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Leading Lights

07 March 2011

When I'm not travelling around Australia, going back and forward between Sydney and Melbourne, or working in the office, I will sometimes work from home.

Sounds good? Well, in actual fact, I work harder when I'm at home I reckon. I find I forget to have any breaks... and because I'm not being interrupted by questions or as many telephone calls, before I know it I've done hours of stuff and forgotten half my appointments having lost track of time and not been reminded by in-office technology or those around me.

Lunch lessons

Not that I could have forgotten the lunch we planned in Sydney, recently, with Westpac CEO Gail Kelly as guest speaker.

So popular it sold out in an hour, the lunch attracted a capacity room of 120 women and a few men. And, can I say, the energy and power of bringing together all those high achieving women into the one space was pretty spectacular.

Gail spoke about identifying qualities of successful leadership and how she cultivates them in herself to successfully lead an organisation to a sustainable future. It boiled down to six or seven key points that work as well for running one of the top 15 publicly listed companies in this country as they would a small business.

So, now I'm working hard to get her to other capital cities to repeat the experience. Meanwhile, I'm sure any of our ruby-ites - in fact any woman running their own business and team or working in business and the corporate world - would appreciate an overview of what Gail had to say. So, here goes.

7 steps for effective leaders

Firstly, Gail believes in any drive for success you must have \"the right people in the right roles and the wrong people off the bus\". She referred to the management 'bible' Good to Great by James C Collins in relation to this, and noted that to surround yourself with the right people means looking carefully at recruitment, looking at past track records, attitude and skills.

Her conclusion: \"It's very like a marriage. If you're not sure don't do it, because problems stay problems.\"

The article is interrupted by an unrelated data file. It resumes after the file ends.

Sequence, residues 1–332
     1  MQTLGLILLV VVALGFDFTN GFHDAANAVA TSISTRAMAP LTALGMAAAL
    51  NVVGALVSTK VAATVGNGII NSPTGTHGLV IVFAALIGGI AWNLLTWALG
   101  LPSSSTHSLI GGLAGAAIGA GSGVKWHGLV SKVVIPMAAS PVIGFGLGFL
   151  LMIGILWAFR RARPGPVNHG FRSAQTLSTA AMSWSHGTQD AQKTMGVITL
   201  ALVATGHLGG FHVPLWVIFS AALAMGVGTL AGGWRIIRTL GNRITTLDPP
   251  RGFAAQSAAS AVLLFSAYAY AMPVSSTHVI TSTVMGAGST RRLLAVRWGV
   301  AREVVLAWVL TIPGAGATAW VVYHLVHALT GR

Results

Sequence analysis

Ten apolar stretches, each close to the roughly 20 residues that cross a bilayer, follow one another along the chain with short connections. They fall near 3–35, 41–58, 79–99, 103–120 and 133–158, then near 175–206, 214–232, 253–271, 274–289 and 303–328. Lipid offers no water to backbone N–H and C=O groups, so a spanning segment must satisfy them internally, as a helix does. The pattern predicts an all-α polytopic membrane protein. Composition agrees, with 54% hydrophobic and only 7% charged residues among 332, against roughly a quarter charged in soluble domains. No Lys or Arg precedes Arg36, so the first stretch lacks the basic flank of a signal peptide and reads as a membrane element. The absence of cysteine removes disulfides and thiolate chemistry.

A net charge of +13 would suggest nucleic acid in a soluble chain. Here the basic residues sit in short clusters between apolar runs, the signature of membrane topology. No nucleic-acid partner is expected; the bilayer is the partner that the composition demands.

Her advice: \" early with things with care and dignity, because those who are observing you as a leader will be looking to see how you deal with problems of every variety.\"

Secondly, Gail believes leaders must have a clear vision of what they're trying to achieve, taking the time and effort to get that strategy right, and to articulate those values and vision in simple, clear sentences. She also noted the importance of refreshing that strategy as time goes on to give oomph to the vision.

Thirdly, she believes there's the need to be able to action the vision - combine the vision with strategy to begin the transformation. In speaking about this, Gail referred to the hardwiring of a business (the organisation's framework), and its soft-wiring (the words and deep connections with customers and stakeholders) and having them combined.

My reading of this is that for successful transformation, hard and soft must be aligned and working in harmony with one another.

Her next view on effective leadership entailed looking to the future and being able to factor in the risks and the positives and, in thinking about the long run, deliver on it today.

From there, Gail spoke about courage and resilience; about having a vision, seeing it through and then seeing it through the long term - no matter what that vision may or may not turn up (both positive and negative). Leading, it seems, means knowing you can dig deep and step out into the unknown because there'll be no hindsight to guide you.

Her final point rested on communication: the ability to communicate visions and ideas simply and authentically; to be able to repeat the message, stay on topic and speak only what you believe in.


I said there were six or seven steps and the seventh came to Gail as somewhat of an afterthought but one, she noted, that was very important.

\"Replenishment is really necessary in all this,\" she said. \"To bring all that I can to a role and to the job at hand I need to replenish myself.\"